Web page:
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Scout

In startups and venture capital, a scout is a person who helps investors source new deals.

A startup scout is a person who identifies promising companies in order to invest early stage capital.

Scouts are usually junior partners of venture capital firms and have limited resources.

Their job is to find companies whose products or services have the potential to be hugely successful, but which have not yet been widely adopted.

A scout makes small investments on behalf of a VC fund without requiring much involvement from the rest of the team. The check size is smaller and the companies are at an earlier stage than the main fund.

The goal is that the scout investments will grow to become investments for the main fund. And the hope is that the GP will have an inside track on leading that investment.

The process of identifying startups goes through many steps. First the scout identifies opportunities from their network and from publicly available sources like tech blogs, conferences, etc. The scout then performs due diligence by collecting information about each opportunity and eliminating those which don't meet their investment criteria.

To find new startups a scout may spend a lot of time searching for startups with a good idea, team and market opportunity by reading tech blogs and news websites regularly, attending tech events, in addition to talking with friends and family members.

Other Terms

Investment Memo

An investment memo (also known as a deal memo or deal memorandum)is a crisp and clear way to layout and pitch your company to potential investors. Memos are a clear and concise document to lay out strategic vision, rationale, and expectations for an investment, project, product or strategy.

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Venture Capital

A venture capital firm is usually a private partnership that are funded by wealthy individuals and organisations. Larger investment banks, pension funds, and even university endowments also invest in VC firms. In some cases, companies themselves provide capital to VC firms.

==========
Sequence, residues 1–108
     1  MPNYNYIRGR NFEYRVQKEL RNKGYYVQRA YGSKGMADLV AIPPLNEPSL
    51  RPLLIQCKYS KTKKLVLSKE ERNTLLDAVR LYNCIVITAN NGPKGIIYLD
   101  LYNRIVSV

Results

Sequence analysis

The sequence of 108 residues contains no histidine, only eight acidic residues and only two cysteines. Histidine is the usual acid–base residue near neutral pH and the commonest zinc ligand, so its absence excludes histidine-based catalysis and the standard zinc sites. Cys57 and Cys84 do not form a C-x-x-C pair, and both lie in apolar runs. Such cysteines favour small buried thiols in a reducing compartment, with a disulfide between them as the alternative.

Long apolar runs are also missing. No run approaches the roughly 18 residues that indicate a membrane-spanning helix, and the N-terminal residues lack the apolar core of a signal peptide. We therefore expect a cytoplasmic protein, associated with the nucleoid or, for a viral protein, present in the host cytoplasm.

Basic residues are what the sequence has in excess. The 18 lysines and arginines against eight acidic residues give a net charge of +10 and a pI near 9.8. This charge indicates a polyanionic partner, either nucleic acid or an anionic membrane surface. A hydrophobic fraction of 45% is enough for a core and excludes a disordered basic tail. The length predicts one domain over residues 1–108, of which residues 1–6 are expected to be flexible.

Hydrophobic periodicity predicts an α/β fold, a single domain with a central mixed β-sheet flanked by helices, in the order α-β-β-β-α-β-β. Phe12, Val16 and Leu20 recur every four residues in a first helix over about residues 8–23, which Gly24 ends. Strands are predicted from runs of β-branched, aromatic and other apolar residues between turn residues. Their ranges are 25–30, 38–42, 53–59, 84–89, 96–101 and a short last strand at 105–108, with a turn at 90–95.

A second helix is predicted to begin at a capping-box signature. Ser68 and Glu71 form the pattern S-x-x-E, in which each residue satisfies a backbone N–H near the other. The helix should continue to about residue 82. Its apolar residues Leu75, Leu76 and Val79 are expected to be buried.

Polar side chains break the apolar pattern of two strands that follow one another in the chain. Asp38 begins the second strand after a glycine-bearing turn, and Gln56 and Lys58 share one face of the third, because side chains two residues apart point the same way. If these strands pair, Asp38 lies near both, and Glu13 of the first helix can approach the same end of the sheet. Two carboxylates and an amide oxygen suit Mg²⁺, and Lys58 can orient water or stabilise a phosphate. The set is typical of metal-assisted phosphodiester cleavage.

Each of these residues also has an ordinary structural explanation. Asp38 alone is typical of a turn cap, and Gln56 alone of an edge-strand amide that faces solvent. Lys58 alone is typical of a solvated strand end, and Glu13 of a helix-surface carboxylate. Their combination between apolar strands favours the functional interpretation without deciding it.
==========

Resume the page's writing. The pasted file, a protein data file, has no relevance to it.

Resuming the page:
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Angel Investor

An angel investor is considered to be high-net-worth individuals who invests their own money (i.e., funds from their personal savings or from capital that they have earned from the sale of other business interests) in startups and small, growing firms.

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Investment Allocation

The investment allocation is the portion of the total round that is set aside for a specific investor. This is usually communicated in dollars but can be expressed as a percentage of the total round. For example, 100,000 or 14% of the round.

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Startup Accelerator

A startup accelerator program provides startups with financial investment, education, mentorship and networking that can help transform their early-stage companies into a successful business venture.

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Accredited Investor

An accredited investor is a person or group with enough wealth to be able to make certain types of investment.

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Venture Partner

A person, usually loosely associated with a venture capital firm, who helps the firm source new deals, find new limited partners, evaluate incoming startups, or help startups in the portfolio.

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Scout

In startups and venture capital, a scout is a person who helps investors source new deals.

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